One Year On | FIFA World Cup Qatar 2022: Australia v Denmark
Triumph over Denmark sees Socceroos through group stage
- One Year On | FIFA World Cup Qatar 2022: The Build Up
- One Year On | FIFA World Cup Qatar 2022 - France v Australia
- One Year On | Craig Goodwin’s road to recovery
- One Year On | FIFA World Cup Qatar 2022: Tunisia v Australia
- One Year On | FIFA World Cup Qatar 2022: How Mitch Duke proved the haters wrong
- One Year On | FIFA World Cup Qatar 2022: Harry Souttar’s unforgettable tournament
Plenty of respect
Australia had put themselves in a strong position going into the final group game against Denmark at the Qatar World Cup.
After victory over Tunisia, and Denmark’s defeat to France, a win would see Australia progress to the last 16. So would a draw if Tunisia lost their match to France.
Of course, that was easier said than done as the Denmark side was made up of players from the top leagues in Europe and featured stars like Christian Eriksen, Andreas Christensen and Kaspar Schmeichel.
Socceroos midfielder Jackson Irvine explained that the Australian’s had a lot of respect for their opponents.
“I think if you were to ask most countries in the world who weren't at the World Cup who their second team was or who they were supporting I think after obviously what happened Christian Eriksen, it was Denmark,” he said.
“You could see the way that squad banded together and the way they'd been playing, I think we knew exactly how difficult that game was going to be.”
But Irvine said the feeling in the Socceroos camp was they were ready for the challenge.
“There are not many games in your career where you feel like ‘this is our day, today, and every minute of that game, the longer the game went on, on the pitch I was like ‘this is our day’, we're going to win this game.”
Cagey first half
For the third time, the Socceroos were playing at the Al Janoub Stadium, which this time had 41,232 fans in attendance. And the nation was gripped to television screens at 2am back home. This was the big one.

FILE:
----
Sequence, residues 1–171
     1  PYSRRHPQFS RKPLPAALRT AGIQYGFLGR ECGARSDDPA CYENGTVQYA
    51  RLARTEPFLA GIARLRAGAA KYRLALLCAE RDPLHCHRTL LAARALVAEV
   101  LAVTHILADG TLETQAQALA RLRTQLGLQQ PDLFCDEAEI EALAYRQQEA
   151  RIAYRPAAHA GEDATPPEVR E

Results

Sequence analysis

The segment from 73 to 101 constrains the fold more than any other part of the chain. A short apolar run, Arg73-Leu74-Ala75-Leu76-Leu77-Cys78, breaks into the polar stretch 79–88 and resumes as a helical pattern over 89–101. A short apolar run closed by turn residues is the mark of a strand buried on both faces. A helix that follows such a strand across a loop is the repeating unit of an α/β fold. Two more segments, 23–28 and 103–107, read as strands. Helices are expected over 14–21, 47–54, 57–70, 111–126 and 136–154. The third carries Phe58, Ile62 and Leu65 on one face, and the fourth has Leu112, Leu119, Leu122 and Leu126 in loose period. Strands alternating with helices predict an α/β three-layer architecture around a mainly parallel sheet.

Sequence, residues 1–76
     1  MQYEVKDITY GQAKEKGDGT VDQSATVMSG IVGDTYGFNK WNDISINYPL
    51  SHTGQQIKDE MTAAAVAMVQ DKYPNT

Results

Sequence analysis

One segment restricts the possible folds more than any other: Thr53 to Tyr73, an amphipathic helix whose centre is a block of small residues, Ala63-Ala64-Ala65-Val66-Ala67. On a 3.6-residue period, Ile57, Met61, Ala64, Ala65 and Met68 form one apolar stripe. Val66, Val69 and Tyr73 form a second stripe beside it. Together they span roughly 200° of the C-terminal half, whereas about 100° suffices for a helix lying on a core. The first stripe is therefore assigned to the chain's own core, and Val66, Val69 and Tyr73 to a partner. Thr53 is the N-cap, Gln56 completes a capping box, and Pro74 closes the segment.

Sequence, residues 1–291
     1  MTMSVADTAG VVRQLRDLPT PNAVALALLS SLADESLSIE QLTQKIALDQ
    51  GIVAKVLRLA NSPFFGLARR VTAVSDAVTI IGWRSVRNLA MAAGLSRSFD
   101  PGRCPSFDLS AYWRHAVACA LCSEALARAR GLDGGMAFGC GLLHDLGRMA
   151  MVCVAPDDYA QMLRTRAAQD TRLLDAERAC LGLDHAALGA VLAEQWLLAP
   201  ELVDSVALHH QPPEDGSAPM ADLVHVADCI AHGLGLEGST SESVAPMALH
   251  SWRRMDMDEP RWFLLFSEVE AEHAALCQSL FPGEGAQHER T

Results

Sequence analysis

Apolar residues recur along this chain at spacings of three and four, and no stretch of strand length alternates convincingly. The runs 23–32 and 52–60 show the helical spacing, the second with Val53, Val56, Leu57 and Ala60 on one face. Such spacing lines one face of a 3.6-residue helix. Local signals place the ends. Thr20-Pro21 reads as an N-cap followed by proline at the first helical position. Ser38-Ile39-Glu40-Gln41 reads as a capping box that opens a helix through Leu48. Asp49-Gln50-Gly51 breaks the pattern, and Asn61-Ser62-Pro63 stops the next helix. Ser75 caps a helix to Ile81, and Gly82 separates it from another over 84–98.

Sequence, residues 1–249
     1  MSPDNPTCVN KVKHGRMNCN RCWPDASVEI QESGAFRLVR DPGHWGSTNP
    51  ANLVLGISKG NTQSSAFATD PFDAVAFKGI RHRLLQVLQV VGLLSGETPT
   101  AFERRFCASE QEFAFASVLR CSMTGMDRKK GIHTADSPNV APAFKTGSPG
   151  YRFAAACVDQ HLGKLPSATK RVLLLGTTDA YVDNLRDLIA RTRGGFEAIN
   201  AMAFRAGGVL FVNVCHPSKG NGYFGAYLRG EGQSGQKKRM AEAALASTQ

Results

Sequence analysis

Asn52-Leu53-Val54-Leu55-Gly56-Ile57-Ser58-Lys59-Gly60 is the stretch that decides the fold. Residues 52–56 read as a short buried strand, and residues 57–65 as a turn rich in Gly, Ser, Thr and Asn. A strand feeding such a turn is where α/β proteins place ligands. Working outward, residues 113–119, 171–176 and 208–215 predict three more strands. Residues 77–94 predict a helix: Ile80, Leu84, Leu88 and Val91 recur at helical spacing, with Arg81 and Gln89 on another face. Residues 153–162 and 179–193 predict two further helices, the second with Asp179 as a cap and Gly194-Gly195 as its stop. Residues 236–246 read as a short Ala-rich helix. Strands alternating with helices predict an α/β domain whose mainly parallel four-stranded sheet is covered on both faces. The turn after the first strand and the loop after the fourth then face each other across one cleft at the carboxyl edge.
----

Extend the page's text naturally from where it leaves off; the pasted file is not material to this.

All those watching though watched a very closely contested first forty-five minutes as both sides were unable to break the deadlock.
Australia did have three shots on target in the half, but all of those were saved with ease by Schmeichel in goal.
Harry Souttar said on the first half: “I think probably it was probably more kind of backs-to-the-wall performance than the Tunisia game.
“They probably started the better side, and we were under the pump a little bit at the start before we grew into the game and had a few little sniffs here and there.”
All in all, change was needed, and Socceroos head coach Graham Arnold was first to react. He brought on Keanu Baccus at half time to replace Craig Goodwin.
Legend status secured
The half time substitution allowed for a change of shape for Australia, one that saw them more defensively solid and utilising counter attacks to disrupt Denmark.
It really didn’t take long for the change of tactics to work, but it did take a hell of a lot of speed and skill from Matthew Leckie.
In the 60th minute, after some sustained Denmark pressure, Australia broke on the counter and Riley McGree played through Leckie who started his run from inside his own half.
Leckie picked the ball up in his stride, carried it to the edge of the box, proceeded to send Joachim Maehle the wrong way, twice, before shooting hard and low into the bottom right corner past the leaping arms of Schmeichel.